We are hurtling towards a future in which AI is omnipresent. This AI-enabled future is blinding in its possibilities for prosperity, security, and well-being. Yet, it is also crippling in its fragility. What might it take for it all to come to a screeching halt?

    Oct 22, 2019

  • Running 3d wireframe man in an abstract environment, photo by imaginima/Getty Images

    Commentary

    Embrace Open-Source Military Research to Win the AI Competition

    Unless the Pentagon embraces a more open approach to artificial intelligence, it will be left behind. Private sector innovation in this space is too fast. But what are the risks of disseminating potentially sensitive AI technology? And what should not be disclosed?

    Oct 16, 2019

  • Concept of artificial intelligence winning at chess, photo by JohnDWilliams/Getty Images

    Report

    The Emerging Risk of Virtual Societal Warfare

    Living in an information society opens unprecedented opportunities for hostile rivals to cause disruption, delay, inefficiency, and harm. Social manipulation techniques are evolving beyond disinformation and cyberattacks on infrastructure sites. How can democracies protect themselves?

    Oct 9, 2019

  • Artificial Intelligence, Graphical User Interface, photo by kontekbrothers/Getty Images

    Commentary

    A Code of Conduct for AI in Defense Should Be an Extension of Other Military Codes

    An AI code of conduct for defense should look a lot like all other defense codes of conduct. A global society that would create the Geneva Convention is a society that believes in a moral code for warfare. This same code could extend into its weaponized algorithms.

    Sep 11, 2019

  • Cortney Weinbaum at the Roberta Wohlstetter Forum on National Security in Arlington, Virginia, October 24, 2018, photo by Grace Evans and Khorshied Samad/RAND Corporation

    Q&A

    Intel, Ethics, and Emerging Tech: Q&A with Cortney Weinbaum

    Cortney Weinbaum studies topics related to intelligence and cyber policy as a senior management scientist at RAND. In this interview, she discusses challenges facing the intelligence community, the risks of using AI as a solution, and ethics in scientific research.

    Aug 23, 2019

  • Equations and formulas behind scales of justice, images by monsitj and DNY59/Getty Images

    Report

    Addressing the Challenges of Algorithmic Equity

    Social institutions increasingly use algorithms for decisionmaking purposes. How do different perspectives on equity or fairness inform the use of algorithms in the context of auto insurance pricing, job recruitment, and criminal justice?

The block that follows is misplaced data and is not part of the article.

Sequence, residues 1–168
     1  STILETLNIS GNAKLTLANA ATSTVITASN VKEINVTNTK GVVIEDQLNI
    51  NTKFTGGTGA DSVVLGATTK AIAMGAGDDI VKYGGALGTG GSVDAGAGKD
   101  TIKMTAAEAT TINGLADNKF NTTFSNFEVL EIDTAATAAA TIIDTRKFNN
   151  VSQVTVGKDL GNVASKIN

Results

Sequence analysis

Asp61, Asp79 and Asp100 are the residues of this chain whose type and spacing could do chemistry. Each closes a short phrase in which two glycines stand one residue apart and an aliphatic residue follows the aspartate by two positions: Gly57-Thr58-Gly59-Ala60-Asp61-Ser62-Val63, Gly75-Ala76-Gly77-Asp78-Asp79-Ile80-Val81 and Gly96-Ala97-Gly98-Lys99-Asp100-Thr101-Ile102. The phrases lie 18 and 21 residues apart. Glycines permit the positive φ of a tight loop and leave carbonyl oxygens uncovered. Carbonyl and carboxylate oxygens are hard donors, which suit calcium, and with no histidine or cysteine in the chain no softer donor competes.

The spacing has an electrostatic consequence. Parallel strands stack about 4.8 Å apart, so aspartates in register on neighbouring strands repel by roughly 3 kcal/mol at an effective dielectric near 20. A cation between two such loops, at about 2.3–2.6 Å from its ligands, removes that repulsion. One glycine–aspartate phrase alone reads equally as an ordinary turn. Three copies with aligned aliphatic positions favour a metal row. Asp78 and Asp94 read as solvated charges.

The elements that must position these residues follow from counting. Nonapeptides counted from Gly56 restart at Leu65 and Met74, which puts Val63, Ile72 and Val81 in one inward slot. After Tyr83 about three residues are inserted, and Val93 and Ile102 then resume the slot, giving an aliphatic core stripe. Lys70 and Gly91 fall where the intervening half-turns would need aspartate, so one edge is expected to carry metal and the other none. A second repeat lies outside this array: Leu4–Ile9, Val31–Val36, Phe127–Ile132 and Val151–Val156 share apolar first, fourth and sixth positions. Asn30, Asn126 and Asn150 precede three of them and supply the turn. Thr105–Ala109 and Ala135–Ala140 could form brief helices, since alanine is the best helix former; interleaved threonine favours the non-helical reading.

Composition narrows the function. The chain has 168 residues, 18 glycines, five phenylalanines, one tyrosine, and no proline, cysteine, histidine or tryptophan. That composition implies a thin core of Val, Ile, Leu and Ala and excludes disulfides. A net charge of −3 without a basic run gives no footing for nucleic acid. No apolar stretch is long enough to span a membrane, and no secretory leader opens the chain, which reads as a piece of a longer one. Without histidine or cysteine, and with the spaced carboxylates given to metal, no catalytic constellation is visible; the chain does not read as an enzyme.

Jul 11, 2019

  • Periodical

    Periodical

    RAND Review: July-August 2019

    This issue spotlights a strategy to reduce roadway deaths to zero; a school principal initiative that yielded positive results for schools and students; and a data-driven effort to enhance equity in a major U.S. city.

    Jul 1, 2019

  • A pilot flies an MQ-9 Reaper drone from Holloman Air Force Base, New Mexico, July 10, 2017, photo by SrA Chase Cannon/U.S. Air Force

    Commentary

    Here's What an AI Code of Conduct for the Pentagon Might Look Like

    Advocates want a code of conduct for how artificial intelligence will be used and oversight to ensure it is being followed. DoD could identify areas where it might use AI in the foreseeable future and set rules and guidelines for business uses, non-lethal military uses, and lethal uses.

    Jun 24, 2019

  • Intelligent robot cyborg using digital globe interface 3D rendering, photo by sdecoret/Adobe Stock

    Report

    Technology and Work Worth Doing (Not Jobs) Post-AlphaGo: A World-Building Workshop on the Future of Artificial Intelligence

    This report summarizes a 2018 workshop that gathered a small group of innovative thinkers to engage in an approach called large-scale speculative design to sketch desirable future worlds that could be enabled by artificial intelligence.

    Jun 21, 2019

  • Journal Article

    Journal Article

    An Artificial Intelligence/Machine Learning Perspective on Social Simulation: New Data and New Challenges

    We review issues of data infrastructure and artificial intelligence for social and behavioral modeling. Among the newer machine learning methods,adversarial training and fuzzy cognitive maps have particular unrealized potential.

    Jun 11, 2019

  • Technology and innovation concept, graphic by peshkova/Adobe Stock

    Journal Article

    Bezos World or Levelers: Can We Choose Our Scenario?

    This essay explores how AI might be used to enable fundamentally different future worlds and how one such future might be enabled by AI algorithms with different goals and functions than those most common today.

    Mar 28, 2019

  • Blog

    AI Bias, Opioids, Afghanistan: RAND Weekly Recap

    This weekly recap focuses on the danger of artificial intelligence bias, infants with opioid withdrawal symptoms, peace talks in Afghanistan, and more.

    Mar 15, 2019

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  • AI